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Touts

Jul 31, 1973 By Texas Monthly

The Real Thing While billows of smoke encircle the Holmes Road dump, the City of Houston atones somewhat for its ecological sins by its production of Hou-Actinite, a remarkable 100 per cent organic fertilizer which is recycled at the Northside Waste Water Control Facility from city waste water and raw…

Briar Patch

Jul 31, 1973 By Texas Monthly

THE SPACEMAN’S LAST GASP CRAIG RASPBERRY IS NINE YEARS OLD and strikingly reminiscent of Mr. Peabody’s pet boy Sherman on the old Bullwinkle show, down to an air of scientific detachment which seems to be a trait he shares with his fellow citizens of Aurora, Texas, of whom there are…

Behind the Lines

Jul 31, 1973 By Gregory Curtis

MANY OF THE ARTICLES IN this issue are, in one way or another, about crime. It seems we have opened Pandora’s box. Returning from lunch one day we found that the offices next to ours had been burglarized. The next afternoon we got a call from Al Reinert, who has…

The Big Thicket Tangle

Jun 30, 1973 By Al Reinert

Take 3 million acres, add politicians, lumber companies and Time, Inc., and what have you got? A very small park, or no park at all.

Briar Patch

Jun 30, 1973 By Dave McNeely, Jamie Frucht and joanfilvaroff

TUBAL LIBATIONS FORMALS WORN BRALESS. SMILES GOING the full count. ‘Hair done’ and flown in for the occasion. Rosalind Russell doing an inspired Bert Parks. What more could a mother of four or a young career girl or a grandma want? All of us females were glued to the…

Touts

Jun 30, 1973 By Texas Monthly

Fiddle-Faddle Fiddler’s festival? A hillside field and a lake would be the perfect setting. But now they’ve covered it over with a shopping center and a parking lot. Seminary South isn’t country heaven, but it’s all right for a shopping center—it has lots of grass and flowers and trees…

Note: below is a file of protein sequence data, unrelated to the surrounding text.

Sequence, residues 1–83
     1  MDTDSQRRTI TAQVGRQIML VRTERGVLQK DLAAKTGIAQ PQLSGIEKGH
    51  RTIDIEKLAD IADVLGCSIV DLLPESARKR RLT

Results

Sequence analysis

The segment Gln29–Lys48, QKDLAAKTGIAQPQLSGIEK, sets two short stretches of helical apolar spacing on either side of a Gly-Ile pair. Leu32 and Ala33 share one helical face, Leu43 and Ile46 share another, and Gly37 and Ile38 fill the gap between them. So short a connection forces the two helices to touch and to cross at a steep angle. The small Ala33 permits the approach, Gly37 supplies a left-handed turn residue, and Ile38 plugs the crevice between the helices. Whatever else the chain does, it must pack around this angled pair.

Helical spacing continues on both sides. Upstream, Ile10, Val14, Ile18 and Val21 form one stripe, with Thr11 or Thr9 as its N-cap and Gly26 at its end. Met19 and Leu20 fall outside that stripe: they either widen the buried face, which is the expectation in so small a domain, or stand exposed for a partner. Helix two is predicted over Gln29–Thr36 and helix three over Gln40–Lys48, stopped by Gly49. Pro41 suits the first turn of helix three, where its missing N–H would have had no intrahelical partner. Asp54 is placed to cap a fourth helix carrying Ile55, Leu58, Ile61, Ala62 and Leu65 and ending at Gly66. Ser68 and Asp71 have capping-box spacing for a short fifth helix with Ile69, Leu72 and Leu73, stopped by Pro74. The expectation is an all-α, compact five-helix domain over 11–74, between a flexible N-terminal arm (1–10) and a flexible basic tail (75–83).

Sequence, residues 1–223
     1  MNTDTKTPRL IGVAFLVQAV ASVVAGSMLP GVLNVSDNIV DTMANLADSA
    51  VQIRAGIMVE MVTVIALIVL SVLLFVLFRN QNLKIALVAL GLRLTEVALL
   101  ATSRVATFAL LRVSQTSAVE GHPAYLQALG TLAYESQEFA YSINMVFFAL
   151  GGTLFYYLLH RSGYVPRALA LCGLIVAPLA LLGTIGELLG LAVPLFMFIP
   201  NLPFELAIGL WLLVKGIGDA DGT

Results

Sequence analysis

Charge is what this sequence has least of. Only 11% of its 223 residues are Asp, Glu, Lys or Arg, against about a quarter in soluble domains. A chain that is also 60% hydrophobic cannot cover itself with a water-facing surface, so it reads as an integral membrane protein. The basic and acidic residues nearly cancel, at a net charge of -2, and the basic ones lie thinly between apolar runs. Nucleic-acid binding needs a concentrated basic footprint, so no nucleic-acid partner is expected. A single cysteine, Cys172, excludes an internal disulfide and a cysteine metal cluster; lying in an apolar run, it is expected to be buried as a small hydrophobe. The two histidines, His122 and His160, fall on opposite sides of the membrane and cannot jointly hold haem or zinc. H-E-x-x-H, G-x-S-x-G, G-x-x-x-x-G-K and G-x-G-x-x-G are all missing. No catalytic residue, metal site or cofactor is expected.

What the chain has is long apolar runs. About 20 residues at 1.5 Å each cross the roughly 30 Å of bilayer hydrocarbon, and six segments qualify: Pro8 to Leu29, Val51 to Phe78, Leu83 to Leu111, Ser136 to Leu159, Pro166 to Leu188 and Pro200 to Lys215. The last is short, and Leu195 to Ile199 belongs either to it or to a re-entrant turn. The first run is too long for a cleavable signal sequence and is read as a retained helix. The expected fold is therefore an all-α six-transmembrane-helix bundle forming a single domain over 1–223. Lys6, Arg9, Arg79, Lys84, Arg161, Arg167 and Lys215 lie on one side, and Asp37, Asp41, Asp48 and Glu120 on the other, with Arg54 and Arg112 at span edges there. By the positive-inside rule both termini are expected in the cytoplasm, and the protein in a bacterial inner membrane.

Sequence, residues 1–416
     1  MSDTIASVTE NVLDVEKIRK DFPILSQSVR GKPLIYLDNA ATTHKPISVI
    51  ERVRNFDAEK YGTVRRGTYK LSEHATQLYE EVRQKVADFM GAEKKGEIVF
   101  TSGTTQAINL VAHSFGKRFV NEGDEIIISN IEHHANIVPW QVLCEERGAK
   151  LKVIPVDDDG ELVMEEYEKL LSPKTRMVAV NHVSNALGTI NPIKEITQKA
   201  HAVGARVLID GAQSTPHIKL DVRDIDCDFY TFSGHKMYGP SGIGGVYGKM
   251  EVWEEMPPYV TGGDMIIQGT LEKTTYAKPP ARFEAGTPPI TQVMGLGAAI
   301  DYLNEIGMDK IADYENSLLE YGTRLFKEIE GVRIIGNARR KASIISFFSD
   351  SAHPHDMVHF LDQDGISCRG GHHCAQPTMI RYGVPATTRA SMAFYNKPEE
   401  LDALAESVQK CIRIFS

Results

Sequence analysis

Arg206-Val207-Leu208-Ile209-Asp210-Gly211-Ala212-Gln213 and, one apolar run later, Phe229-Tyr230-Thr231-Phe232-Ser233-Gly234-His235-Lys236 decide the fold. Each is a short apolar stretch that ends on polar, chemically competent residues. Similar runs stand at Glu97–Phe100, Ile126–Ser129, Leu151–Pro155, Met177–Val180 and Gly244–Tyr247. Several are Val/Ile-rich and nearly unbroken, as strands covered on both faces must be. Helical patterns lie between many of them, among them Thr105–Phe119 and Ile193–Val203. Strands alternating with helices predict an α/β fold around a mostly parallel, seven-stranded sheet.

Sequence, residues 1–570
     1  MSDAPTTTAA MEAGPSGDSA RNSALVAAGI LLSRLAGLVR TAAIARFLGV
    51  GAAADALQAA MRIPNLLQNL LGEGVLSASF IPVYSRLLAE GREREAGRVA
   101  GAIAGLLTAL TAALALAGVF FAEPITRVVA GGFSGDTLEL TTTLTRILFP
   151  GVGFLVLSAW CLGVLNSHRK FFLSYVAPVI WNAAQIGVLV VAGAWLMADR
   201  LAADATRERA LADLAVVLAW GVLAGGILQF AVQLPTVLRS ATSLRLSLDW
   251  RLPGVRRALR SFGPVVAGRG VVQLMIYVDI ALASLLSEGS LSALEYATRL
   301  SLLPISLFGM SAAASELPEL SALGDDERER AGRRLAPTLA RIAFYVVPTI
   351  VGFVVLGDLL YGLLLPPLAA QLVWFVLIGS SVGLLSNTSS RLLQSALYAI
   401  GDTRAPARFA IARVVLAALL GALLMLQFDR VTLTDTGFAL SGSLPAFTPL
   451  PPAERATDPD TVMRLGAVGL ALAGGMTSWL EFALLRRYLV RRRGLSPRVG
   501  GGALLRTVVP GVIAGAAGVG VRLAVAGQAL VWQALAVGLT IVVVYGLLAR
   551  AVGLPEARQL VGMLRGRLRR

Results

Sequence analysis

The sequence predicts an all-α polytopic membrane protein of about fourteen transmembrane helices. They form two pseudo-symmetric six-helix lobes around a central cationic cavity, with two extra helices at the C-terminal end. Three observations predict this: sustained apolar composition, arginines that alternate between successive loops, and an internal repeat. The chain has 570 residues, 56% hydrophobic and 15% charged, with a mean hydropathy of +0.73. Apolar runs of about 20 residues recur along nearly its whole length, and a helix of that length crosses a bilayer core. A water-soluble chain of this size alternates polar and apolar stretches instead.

Behind the Lines

Jun 30, 1973 By William Broyles

TWO MONTHS AGO IN OUR story “Sex and Politics” we took an affectionate, if irreverent, look at a side of our political traditions that is as old as politics itself, but which has rarely been discussed in public. This month we wrap up the latest session of the Texas Legislature…

The Big Thicket Tangle

Jun 30, 1973 By Al Reinert

Take 3 million acres, add politicians, lumber companies and Time, Inc., and what have you got? A very small park, or no park at all.

Inside The Lobby

Jun 30, 1973 By Richard West

These veterans of endless smoke-filled rooms and committee sessions do more to shape state government than most elected officials. They're not all bad, but they're not all good, either.

Touts

May 31, 1973 By Griffin Smith Jr.

Cute Toot-Toot Amtrak notwithstanding, countless unfulfilled railroad buffs still reside in Texas. For these unsatiated appetites, a genuine “little railroad that could” still makes daily runs in East Texas. The Moscow, Camden & San Augustine Railroad was begun in 1927 as passenger service between the sawmill town of Camden and…

Behind The Lines

May 31, 1973 By William Broyles

THIS ISSUE TELLS OUR READERS how to enjoy Texas in the summer. That we could so easily be urging Texans to enjoy summer is a testimony to how summers have changed. It wasn’t so long ago that a Texas summer was as inhospitable to normal human existence as a 40-inch…

Briar Patch

May 31, 1973 By Gregory Curtis, Wendy Meyer and Allan Turner

THE SIN OF AUSTIN IN AUSTIN RECENTLY, DURING A public hearing on skinnydipping in Lake Travis, local resident Louis Steinbach testified to attentive city councilmen: “God has the power to destroy this city for its sin…and officials had better realize it.” We do not want to appear soft on sin,…

Briar Patch

Apr 30, 1973 By Jan Reid and Jamie Frucht

THE GETAWAY THAT DIDN’T LAST ON A COOL EVENING IN late spring, Mark Jones and Francisco Perez entered Joseph’s Foodliner, a small market in northwest San Antonio specializing in homemade egg rolls (4 for a dollar) and fresh Chinese snow peas. Young, longhaired, bearded, they had apparently charted an ambitious…

Touts

Apr 30, 1973 By Griffin Smith Jr.

Comic Relief The 1970’s have Peanuts, the 1860’s had Dickens’ latest novel, but in the 1920’s and ’30’s nothing could quite match the goings-on in Krazy Kat, George Herriman’s celebrated comic strip. Millions of inveterate fans (including President Woodrow Wilson) followed the daily adventures of the noble-minded, simple-minded Kat,…

Sex and Politics

Apr 30, 1973 By Bill Brammer

Right here in Austin and right up there in Washington, our men who stand for office have been messin' around.